Rioting in France's depressed suburbs and cities has spread close to the Swiss border, but local authorities do not expect the unrest to reach Switzerland.This content was published on November 8, 2005 - 12:11
Observers say the outbreak of violence in France has much to do with socio-economic factors that do not exist in Swiss neighbourhoods.
For nearly two weeks rioting has been spreading across France. Violence broke out after two youngsters were electrocuted while allegedly fleeing police officers.
Since then, police have been fighting rioters night after night, thousands of cars have been burnt and even firefighters and ambulance services have faced attacks.
The French cabinet on Tuesday gave permission to local authorities to impose curfews in areas badly affected by the violence.
The unrest, which began near Paris, has spread to areas near Geneva and Basel. But police in the two cities have been keeping a close eye on events in France, and say that the violence will not cross the border.
"There is no risk that we will see this kind of violence here," said Klaus Mannhart, spokesman for the Basel police, who reckons these events are specific to France.
Police in Geneva, perhaps the most French of Swiss cities, say they have not seen anything that might lead them to take special measures.
Specialists point out that the chances that similar events would take place in Switzerland are slim. "Social differences aren't as great here as they are in France," Jürg Frey, head of integration promotion in Zurich, told Bern's Bund newspaper.
Sandro Cattacin, a sociologist at Geneva University, agrees. "In Switzerland, the risk is low," he told swissinfo. "We don't have any ghettos and we have a long tradition of integrating foreigners."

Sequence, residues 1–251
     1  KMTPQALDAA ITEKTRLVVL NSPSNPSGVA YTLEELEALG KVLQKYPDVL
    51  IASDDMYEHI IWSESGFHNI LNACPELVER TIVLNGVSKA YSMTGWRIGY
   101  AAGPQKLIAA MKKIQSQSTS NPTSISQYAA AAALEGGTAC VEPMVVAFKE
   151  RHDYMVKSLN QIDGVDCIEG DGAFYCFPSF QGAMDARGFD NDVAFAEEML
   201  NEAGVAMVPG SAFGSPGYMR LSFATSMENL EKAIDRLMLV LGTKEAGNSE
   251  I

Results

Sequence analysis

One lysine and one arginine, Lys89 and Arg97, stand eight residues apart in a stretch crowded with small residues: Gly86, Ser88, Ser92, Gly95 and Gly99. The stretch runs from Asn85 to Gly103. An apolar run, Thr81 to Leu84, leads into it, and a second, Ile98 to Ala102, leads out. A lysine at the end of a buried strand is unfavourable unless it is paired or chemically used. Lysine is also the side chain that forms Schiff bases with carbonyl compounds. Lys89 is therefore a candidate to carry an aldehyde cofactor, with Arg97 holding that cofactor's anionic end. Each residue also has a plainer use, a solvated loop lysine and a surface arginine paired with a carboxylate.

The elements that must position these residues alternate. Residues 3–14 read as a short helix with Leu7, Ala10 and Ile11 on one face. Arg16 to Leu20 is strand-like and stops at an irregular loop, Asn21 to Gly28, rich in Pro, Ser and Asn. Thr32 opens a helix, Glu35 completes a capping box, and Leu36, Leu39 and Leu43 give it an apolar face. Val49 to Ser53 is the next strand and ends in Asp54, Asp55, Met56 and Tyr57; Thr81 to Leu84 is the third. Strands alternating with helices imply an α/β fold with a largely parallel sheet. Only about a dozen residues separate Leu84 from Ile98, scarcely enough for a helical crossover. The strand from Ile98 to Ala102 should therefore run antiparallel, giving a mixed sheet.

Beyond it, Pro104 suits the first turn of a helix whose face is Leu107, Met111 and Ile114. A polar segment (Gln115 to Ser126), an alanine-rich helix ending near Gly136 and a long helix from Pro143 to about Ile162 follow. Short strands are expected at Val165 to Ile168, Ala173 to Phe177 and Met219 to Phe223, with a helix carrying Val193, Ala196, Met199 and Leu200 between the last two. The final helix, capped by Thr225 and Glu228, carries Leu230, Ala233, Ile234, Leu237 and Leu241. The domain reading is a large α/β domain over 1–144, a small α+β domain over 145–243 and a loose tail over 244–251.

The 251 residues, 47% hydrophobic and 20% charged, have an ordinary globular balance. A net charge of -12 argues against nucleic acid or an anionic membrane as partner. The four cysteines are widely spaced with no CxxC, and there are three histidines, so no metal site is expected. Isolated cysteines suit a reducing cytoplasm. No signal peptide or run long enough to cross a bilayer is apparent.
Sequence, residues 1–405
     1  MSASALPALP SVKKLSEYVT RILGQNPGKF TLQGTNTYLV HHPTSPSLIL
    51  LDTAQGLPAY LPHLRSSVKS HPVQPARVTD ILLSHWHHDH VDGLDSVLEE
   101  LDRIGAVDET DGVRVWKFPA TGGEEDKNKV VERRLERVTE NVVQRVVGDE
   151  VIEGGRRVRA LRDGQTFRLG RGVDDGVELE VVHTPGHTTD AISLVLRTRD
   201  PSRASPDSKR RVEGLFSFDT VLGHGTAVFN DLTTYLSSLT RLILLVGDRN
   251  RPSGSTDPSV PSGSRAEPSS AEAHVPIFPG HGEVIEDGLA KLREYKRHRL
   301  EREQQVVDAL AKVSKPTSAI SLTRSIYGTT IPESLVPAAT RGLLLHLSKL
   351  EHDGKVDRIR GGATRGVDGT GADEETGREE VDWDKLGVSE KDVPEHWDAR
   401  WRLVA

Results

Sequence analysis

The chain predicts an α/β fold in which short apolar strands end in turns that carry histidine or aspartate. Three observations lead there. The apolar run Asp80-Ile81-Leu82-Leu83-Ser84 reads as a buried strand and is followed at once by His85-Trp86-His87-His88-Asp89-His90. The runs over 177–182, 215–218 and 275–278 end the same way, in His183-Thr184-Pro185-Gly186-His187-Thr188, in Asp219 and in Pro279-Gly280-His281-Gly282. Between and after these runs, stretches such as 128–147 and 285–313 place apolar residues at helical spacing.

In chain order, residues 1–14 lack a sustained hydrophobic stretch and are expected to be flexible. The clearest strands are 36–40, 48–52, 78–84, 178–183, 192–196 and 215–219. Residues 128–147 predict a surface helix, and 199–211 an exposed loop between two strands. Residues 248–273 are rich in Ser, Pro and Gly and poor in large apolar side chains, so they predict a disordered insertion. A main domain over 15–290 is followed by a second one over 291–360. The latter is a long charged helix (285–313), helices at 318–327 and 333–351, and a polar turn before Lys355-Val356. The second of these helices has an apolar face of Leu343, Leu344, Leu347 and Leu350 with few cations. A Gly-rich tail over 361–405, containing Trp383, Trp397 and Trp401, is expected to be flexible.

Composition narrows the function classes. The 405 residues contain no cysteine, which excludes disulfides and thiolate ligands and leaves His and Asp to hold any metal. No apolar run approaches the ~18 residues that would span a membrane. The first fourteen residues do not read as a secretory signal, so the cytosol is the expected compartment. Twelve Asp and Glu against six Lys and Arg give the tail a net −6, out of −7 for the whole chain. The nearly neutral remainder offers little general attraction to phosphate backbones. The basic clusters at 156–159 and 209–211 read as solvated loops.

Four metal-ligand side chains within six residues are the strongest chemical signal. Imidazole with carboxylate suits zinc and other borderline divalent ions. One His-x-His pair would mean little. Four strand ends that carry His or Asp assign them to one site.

For Cattacin, if some areas near Geneva have seen rioting, it is nothing more than copycat violence. "France's Rhone-Alpes region has a lower unemployment rate than the national average," he said.
The lack of job prospects is blamed for fuelling much of the French violence, carried out in many cases by youngsters with foreign origins.
The neighbourhoods where they live often lack decent services and are considered by police to be no-go zones.
However, some of the social problems found in France are also seen in Swiss cities. Although there appears to be little risk of outbreaks of violence, experts say the authorities still need to keep a close eye on some residential areas.
"We have to ask ourselves every day what we can do to avoid problems like those faced by the French," Gerda Hauck, responsible for integration matters in Bern, told the Bund newspaper.
Since 1998 Basel city's authorities have tried to avoid the emergence of ghettos with what they call a more aggressive integration policy. The city has tried to ensure that neighbourhoods have a good social mix.
Youngsters feel there is little risk of violence breaking out.
"We are well-behaved, we go to school, our parents have a job and all is going well," one Geneva youth told Le Matin Dimanche newspaper. "Over there, they don't have anything – no job, no future – so they want to wreck everything."
Cattacin warns though that even if the risk is low, the authorities have still to take a more active role, at least in Geneva.
"Our local authorities, like the French ones, often fail to listen to the needs of their citizens, which is not the case in other Swiss towns," he said.
He explained that youngsters in Switzerland are insecure about their job prospects and local governments have almost no say in how the economy is run nowadays.
"It's not just that there are the haves and have-nots," he added. "The fact is that these youngsters cannot see what the future holds for them and this can only lead to violence eventually."
Cattacin reckons that more money needs to go to social workers in touch with today's youth – an opinion shared by Hauck.
"Prevention is very important," she said. "Repairing something always costs more than preventive measures."
Rioting broke out in the Paris area on October 27 and has spread to other parts of France since Friday.
Each night, hundreds of cars have been torched and buses attacked. So far, around 5,000 vehicles have been set on fire.
On Monday, the rioting claimed its first victim, a 60-year-old man who was attacked on the outskirts of Paris and spent two days in a coma.
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